Sperm that comes out of the testicles can move, but once it enters the head of the epididymis, it loses its ability to move. During the process of sperm running within the epididymis, they gradually acquire motility. First, there is a swing in place, followed by a circular movement, and finally, there is the unique swing forward movement of mature sperm. Therefore, observing the movement of sperm is also an indicator of whether sperm is mature.
In addition, during the process of sperm maturation, the permeability of the sperm membrane changes, such as increased permeability to potassium ions, leading to the function of sodium excretion, which has an important impact on enzyme activity and metabolism. During the movement of the epididymis, the surface negative charge of sperm increases, which can prevent them from aggregating into clusters due to the repulsive effect of charges when stored in the epididymis.
It should also be pointed out that some secretions from the epididymis cover the surface of sperm, including a glycoprotein containing sialic acid. Various signs indicate that sialic acid transferred to the surface of sperm has important physiological functions:
(1) Glycoprotein containing sialic acid can stabilize the cell membrane of the acrosome precursor region, thereby inhibiting the acrosome reaction of sperm. In this sense, this glycoprotein should also belong to the de energizing factor.
(2) From an immunological perspective, sialic acid has the function of masking sperm specific antigens, which prevents sperm from being recognized by immune active cells and causing autoimmune reactions during the long process of maturation and operation. Congenital deficiency of sialyltransferase or the action of bacterial sialyltransferase can lead to immune infertility.
(3) Sialic acid is a sugar containing carboxyl groups and carries a negative charge. Therefore, the main reason for the increase in surface load during sperm maturation is the increase in sialic acid.
The surface of ejaculated sperm is attached to a type of disenergizing factor secreted by the epididymis and seminal vesicles. The so-called acquisition process refers to the process of removing factors on the surface of sperm and obtaining fertilization ability, which will cause drastic changes in the structure and function of the sperm membrane. The clearance of de energizing factors mainly relies on the presence of β Amylase, trypsin β Glucosidase and sialidase, the latter also have high levels in follicular fluid.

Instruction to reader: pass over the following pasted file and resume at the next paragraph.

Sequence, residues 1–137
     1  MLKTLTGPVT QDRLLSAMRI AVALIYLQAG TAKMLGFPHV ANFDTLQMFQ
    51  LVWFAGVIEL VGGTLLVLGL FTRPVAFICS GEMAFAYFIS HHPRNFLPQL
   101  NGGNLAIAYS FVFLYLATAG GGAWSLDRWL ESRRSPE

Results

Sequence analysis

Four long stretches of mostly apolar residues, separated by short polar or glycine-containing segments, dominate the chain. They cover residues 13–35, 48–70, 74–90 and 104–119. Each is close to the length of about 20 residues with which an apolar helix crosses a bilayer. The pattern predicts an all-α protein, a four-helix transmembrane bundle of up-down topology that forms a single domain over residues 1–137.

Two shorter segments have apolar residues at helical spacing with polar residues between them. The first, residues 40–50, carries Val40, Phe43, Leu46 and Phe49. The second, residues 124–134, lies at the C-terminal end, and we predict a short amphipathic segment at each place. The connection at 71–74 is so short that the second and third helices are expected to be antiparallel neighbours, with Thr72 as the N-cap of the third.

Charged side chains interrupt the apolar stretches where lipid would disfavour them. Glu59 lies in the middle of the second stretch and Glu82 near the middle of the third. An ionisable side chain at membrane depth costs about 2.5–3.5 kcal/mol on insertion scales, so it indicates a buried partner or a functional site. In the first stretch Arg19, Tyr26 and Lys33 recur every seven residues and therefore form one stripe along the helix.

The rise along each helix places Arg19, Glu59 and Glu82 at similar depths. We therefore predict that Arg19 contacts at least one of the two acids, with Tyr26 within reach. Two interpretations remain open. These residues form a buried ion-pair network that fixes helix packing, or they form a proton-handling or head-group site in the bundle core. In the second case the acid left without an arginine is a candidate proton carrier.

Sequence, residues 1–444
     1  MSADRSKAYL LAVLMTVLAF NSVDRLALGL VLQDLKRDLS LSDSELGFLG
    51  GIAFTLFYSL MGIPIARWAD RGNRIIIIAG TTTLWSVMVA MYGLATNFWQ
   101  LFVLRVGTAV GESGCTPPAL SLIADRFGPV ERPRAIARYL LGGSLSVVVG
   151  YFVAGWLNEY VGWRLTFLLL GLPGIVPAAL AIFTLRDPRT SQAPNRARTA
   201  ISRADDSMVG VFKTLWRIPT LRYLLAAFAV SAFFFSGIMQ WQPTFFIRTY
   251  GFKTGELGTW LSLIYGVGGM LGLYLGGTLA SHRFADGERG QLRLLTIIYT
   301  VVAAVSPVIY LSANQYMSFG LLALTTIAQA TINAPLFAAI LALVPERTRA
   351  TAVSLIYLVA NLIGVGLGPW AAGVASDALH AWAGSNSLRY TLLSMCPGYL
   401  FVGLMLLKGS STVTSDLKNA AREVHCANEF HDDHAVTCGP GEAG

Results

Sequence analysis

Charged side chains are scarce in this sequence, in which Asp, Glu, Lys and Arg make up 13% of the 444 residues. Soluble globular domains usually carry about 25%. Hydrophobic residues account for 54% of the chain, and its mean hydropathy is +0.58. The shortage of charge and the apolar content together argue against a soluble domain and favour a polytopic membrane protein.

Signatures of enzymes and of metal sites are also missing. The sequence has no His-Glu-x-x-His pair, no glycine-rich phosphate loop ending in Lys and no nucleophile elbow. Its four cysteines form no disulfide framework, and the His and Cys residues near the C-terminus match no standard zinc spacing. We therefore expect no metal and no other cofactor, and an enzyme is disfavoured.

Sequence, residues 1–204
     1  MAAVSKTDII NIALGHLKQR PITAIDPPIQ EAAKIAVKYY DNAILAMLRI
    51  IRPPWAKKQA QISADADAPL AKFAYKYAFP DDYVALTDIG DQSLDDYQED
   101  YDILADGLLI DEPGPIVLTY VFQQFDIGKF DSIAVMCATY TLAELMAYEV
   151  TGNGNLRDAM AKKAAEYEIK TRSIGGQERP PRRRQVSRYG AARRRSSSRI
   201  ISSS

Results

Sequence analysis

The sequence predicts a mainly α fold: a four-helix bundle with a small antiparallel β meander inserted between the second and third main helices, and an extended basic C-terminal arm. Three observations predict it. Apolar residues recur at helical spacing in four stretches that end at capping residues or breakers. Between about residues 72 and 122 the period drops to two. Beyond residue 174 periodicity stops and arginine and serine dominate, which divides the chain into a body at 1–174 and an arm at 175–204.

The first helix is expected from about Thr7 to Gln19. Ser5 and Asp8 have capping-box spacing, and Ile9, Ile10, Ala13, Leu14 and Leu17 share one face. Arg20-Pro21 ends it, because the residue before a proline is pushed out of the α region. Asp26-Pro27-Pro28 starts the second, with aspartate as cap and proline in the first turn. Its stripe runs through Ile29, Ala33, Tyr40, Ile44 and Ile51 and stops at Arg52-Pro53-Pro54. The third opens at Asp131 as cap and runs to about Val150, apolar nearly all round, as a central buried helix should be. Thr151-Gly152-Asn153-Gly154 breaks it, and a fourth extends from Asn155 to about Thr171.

Therefore, sperm directly taken from the tail of the epididymis do not have fertilization ability, and these sperm are placed in the female reproductive tract for a certain period of time before being taken out for in vitro fertilization test to have fertilization ability. After Capacitation, the instability of sperm membrane increases and the factors inhibiting acrosome reaction are removed, so acrosome reaction may occur in sperm.
The apical system is a special structure located at the head end of the sperm nucleus, which surrounds two-thirds of the head end of the nucleus. The acrosome is a specific lysosome, enveloped in a single layer of membrane and presented as a flat sac. The part near the cell membrane is called the outer membrane of the acrosome, and the part near the nuclear membrane is called the inner membrane of the acrosome. Homogeneous acrosome contents exist in the narrow cavity between the inner and outer membranes, containing glycoproteins and a variety of hydrolases, such as hyaluronidase, sialidase, acid phosphatase β- N-acetylglucosaminidase, aryl sulfatase, and trypsin like enzymes.
When sperm begin to undergo acrosome reaction, the outer membrane of the sperm acrosome merges with the cell membrane adjacent to it at multiple points and ruptures, leading to the formation of small pores. Acrosin is released through these small pores until the inner membrane of the acrosome is completely exposed.
The completion of the acrosome reaction is marked by the complete fusion of the acrosome inner membrane and the sperm cell membrane. For mammalian sperm, calcium ions are a necessary condition for triggering acrosome reactions. During the acrosome reaction, a large amount of calcium ions can be seen flowing in. Under physiological conditions, the concentration of calcium ions in epididymal fluid is low, while the concentration of calcium ions in fallopian tube fluid is high, indicating that the latter is beneficial for acrosome reactions. Many sperm in the fallopian tube undergo an acrosome reaction and release a large amount of hydrolases, dispersing the cumulus cells around the egg and removing the corona radiata. This allows some sperm that have not yet undergone an acrosome reaction to approach the zona pellucida and recognize each other. It needs to be added here that in the process of Capacitation, the removal of sialic acid at the end of the sugar chain can significantly change the membrane structure of sperm, which is manifested in the phenomenon of protein rearrangement in the membrane clustering, which may be closely related to sperm and egg recognition. After the sperm binds to the zona pellucida of the egg, an acrosome reaction occurs, releasing acrosin, breaking down the zona pellucida, and gradually penetrating.